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5.5 Concluding Analysis

DG System Infrastructure and Fuel

All of the technologies chosen for the 250kW-5MW DG systems require a basic infrastructure. Of the various fuel choices, natural gas appears to be an obvious. However, diesel may be tapped from existing pipelines. Where such an installation is not possible, trucking in the fuel or constructing a pipeline could prove costly.

Some fuel cell types, such as PEMs, are very vulnerable to impurities in hydrogen fuel source. SOFCs operate with the presence of some impurties and can internally reform certain types of fuels such as natural gas, propane and gasified coal [27]. Further, their ability to use reformed gasoline, diesel, and others eliminates the need for an immediate change in infrastructure. Regardless of energy source market fluctuations, the cheapest fuel could always be used predicated upon current and predicted energy prices [28]. This facilitates a more immediate acceptance of SOFCs as a DG technology.

ICE and CTs are typically very robust and do not have any stringent fuel requirements. Their larger size, proven design, and low costs suggest a well-rehearsed series of routine maintenance requirements generated from daily use. MTs utilizing air bearing and other sensitive architectures are highly susceptible to failures from impurities in their fuel and air quality. In terms of the existing infrastructure, ICEs are the most robust. Following ICEs CTs are more mechanically robust than MTs. In the case of fuel cells, the specific technology employed determines robustness.

Technology Ranking Analysis

The ranks assigned to the four technologies should not present any surprises to the careful reader. The efficiency numbers, initial costs, and environmental issues taken as absolute indicators DG systems would not provide for the best engineering solution. For instance, a diesel ICE on the surface has the best efficiency, lowest cost, and most proven technology. However, as noted in the sections above, its emissions prevent continuous duty cycle operation. SOFCs produce prodigious amounts of heat at 1000oC requiring expensive cogeneration equipment to recover lost energy. CTs, while readily available, inexpensive, and proven, currently rely on an unpredictable natural gas market.

These contradicting indicators force the power designer to rely on developing technologies rather than classic, comfortable designs. The SOFC fuel cell will undoubtedly come down in price as international environmental interests force the United States to reduce pollutants [29]. Its inherently cleaner quieter operation and 'green image' will assure the SOFC DG system will supply base power and long term peak power (like those present during the day).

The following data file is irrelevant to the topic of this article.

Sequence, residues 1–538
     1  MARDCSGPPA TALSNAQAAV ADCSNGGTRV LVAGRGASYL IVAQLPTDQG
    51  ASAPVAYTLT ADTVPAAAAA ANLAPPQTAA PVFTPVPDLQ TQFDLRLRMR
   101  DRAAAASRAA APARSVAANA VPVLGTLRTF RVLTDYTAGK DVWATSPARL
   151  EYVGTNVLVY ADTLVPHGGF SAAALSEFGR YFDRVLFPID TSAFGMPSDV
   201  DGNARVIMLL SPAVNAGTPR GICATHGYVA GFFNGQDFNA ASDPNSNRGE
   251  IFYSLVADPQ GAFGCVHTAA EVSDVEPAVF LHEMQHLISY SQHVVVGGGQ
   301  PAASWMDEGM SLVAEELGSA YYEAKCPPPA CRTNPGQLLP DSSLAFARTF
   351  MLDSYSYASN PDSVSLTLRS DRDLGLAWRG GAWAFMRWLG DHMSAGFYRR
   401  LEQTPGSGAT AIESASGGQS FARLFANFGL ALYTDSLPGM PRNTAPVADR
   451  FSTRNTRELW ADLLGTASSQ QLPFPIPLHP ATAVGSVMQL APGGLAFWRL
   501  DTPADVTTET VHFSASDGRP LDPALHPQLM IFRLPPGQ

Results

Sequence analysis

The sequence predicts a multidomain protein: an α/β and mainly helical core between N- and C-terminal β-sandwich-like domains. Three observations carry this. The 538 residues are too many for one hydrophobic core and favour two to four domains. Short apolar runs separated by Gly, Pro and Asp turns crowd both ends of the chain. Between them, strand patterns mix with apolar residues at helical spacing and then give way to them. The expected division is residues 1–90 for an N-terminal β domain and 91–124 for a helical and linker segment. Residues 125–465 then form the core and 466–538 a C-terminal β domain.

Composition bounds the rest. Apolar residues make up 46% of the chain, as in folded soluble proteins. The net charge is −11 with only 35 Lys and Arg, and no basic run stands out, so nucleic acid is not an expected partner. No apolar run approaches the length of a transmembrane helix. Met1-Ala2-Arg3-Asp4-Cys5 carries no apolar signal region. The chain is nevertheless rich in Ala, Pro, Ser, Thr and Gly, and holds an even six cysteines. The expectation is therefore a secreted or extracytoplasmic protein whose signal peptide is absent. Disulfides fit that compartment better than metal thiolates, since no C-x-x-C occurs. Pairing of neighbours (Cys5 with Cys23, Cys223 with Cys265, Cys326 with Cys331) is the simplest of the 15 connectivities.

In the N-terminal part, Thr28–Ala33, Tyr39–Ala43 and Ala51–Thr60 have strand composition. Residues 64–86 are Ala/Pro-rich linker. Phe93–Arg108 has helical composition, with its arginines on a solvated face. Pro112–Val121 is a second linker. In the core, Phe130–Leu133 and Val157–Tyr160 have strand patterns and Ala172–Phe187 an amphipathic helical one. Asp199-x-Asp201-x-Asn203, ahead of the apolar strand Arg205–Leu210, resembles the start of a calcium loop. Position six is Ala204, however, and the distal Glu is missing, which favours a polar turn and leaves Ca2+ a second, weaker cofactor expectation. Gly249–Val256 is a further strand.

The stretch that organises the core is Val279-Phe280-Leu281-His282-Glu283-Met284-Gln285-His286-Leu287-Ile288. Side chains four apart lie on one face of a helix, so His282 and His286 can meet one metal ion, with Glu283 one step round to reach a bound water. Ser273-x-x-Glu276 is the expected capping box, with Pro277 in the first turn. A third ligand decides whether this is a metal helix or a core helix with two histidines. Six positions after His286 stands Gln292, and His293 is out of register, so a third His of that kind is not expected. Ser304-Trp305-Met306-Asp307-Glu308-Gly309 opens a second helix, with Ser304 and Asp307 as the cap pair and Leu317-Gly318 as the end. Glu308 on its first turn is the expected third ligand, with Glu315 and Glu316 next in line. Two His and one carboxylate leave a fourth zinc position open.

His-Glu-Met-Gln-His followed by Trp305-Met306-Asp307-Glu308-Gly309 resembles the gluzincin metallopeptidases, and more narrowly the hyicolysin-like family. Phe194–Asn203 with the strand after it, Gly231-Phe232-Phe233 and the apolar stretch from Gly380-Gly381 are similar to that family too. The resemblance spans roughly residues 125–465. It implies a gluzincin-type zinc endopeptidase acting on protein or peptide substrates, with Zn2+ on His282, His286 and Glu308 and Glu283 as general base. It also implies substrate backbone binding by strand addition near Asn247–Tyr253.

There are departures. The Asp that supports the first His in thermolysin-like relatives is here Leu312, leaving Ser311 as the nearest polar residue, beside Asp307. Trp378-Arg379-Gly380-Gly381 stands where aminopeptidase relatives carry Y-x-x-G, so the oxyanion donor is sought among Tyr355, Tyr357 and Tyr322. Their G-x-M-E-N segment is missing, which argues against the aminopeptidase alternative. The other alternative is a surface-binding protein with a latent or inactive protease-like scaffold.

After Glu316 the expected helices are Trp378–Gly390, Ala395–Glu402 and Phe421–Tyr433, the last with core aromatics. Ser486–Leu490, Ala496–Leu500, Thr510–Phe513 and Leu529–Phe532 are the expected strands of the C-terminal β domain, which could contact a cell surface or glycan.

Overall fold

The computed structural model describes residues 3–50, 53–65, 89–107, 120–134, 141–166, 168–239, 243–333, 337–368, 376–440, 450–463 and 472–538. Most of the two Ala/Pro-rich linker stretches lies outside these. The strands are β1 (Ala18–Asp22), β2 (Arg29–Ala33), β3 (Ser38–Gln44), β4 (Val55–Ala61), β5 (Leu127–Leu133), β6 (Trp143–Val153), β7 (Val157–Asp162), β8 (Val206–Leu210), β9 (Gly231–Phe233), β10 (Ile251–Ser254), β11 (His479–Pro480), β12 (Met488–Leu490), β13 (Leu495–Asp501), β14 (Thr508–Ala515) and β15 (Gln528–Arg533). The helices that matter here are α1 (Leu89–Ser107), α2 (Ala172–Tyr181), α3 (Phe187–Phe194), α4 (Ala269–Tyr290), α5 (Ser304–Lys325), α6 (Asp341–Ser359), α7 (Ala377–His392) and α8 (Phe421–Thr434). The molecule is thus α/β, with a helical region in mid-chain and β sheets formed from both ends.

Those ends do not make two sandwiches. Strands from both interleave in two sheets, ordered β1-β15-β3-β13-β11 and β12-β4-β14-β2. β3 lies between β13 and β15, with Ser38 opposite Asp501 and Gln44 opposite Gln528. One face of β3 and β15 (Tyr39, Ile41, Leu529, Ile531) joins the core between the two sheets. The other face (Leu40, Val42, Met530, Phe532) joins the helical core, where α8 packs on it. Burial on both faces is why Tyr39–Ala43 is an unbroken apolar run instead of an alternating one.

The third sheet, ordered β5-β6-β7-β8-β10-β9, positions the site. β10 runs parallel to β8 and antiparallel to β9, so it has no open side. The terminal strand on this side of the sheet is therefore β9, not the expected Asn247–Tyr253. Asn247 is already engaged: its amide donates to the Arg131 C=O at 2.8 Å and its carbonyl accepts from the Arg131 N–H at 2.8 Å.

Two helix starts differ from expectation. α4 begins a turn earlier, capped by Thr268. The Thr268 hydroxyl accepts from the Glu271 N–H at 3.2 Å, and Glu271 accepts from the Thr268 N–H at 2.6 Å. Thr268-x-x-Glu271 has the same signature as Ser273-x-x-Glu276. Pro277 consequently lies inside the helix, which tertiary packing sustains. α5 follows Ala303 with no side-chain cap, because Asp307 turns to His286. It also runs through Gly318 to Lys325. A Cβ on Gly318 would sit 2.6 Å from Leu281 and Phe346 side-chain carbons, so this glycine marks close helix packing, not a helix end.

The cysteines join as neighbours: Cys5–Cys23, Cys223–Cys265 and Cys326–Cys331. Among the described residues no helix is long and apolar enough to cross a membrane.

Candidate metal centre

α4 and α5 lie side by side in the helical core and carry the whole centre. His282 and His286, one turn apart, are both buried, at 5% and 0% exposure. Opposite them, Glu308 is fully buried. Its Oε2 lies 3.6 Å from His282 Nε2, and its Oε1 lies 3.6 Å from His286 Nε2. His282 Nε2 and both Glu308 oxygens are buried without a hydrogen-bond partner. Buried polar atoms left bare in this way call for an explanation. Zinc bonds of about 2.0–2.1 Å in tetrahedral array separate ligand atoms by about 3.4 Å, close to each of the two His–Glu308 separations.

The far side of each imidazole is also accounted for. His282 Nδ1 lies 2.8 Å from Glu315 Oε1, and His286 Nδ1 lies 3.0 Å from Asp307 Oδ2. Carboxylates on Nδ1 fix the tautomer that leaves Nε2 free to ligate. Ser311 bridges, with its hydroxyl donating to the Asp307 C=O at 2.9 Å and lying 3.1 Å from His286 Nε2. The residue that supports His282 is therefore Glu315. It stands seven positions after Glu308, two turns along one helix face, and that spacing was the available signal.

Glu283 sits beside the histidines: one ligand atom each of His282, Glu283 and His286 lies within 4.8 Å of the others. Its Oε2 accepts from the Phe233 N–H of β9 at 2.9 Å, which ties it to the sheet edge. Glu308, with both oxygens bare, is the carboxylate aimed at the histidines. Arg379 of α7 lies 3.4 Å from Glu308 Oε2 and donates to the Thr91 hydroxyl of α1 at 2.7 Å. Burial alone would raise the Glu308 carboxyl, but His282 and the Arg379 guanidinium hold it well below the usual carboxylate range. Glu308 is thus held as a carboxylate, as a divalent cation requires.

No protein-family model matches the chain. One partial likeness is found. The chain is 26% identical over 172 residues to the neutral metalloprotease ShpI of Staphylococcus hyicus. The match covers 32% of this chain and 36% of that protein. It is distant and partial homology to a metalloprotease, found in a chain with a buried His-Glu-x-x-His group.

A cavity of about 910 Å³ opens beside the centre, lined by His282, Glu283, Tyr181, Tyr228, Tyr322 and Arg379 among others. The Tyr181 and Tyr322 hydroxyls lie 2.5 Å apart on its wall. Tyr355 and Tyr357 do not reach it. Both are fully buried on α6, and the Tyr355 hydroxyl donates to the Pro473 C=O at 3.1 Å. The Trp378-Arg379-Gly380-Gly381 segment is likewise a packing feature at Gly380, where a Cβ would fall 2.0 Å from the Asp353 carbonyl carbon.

In the near future, there is little reason not to use CTs. With regards to the DG technologies discussed, combustion turbines are currently the most suited for full time generation in the 250kW to 5MW penetration level. They produce significantly less emissions, are similarly priced, and occupy roughly the same footprint as diesel generators. The technology is more proven and designed better for high power generation than solid oxide fuel cells. However, SOFCs' have higher theoretical efficiencies, lack excessive noise and pollution, and will benefit from mass production. Therefore, fuel cells could potentially replace or at the very least, supplement combustion turbines in distributed generation facilities.

Table 3. DG technology rankings.

Category

Diesel ICE

Conbustion Turbine

Microturbines

Solid Oxide Fuel Cell

Technology Status

1

2

3

4

Overall Efficiency

2

2

4

1

Environmental and Noise considerations

4

2

3

1

Device Cost per kW

1

2

3

4

Physical Size

1

2

3

4

Intended Application

2

1

4

3

Potential for Improvement

4

3

2

1

Conclusion

The authors originally intended to provide a broad analysis of many different DG technologies. Subsequent research and analysis demonstrated the need to clarify and restrict the scope to a well defined penetration depth. This document provides a solid foundation and analysis of a few distributed generation technologies on a fundamental level. There are many more various factors involved in widespread implementation. The monumental impact that many DG systems will have on the grid requi The authors originally intended to provide a broad analysis of many different DG technologies. Subsequent research and analysis demonstrated the need to clarify and restrict the scope to a well defined penetration depth res substantial investigation. Grid control, modeling, and basic assumptions will no longer be acceptable in order to maintain veracity with regards to widespread borough sized DG systems. More in depth analysis of highly dispersed generation down to the 5kW or less size level should also be investigated for benefits, and drawbacks. The ranking system has been well defined and the appropriate distributed technologies identified.

 

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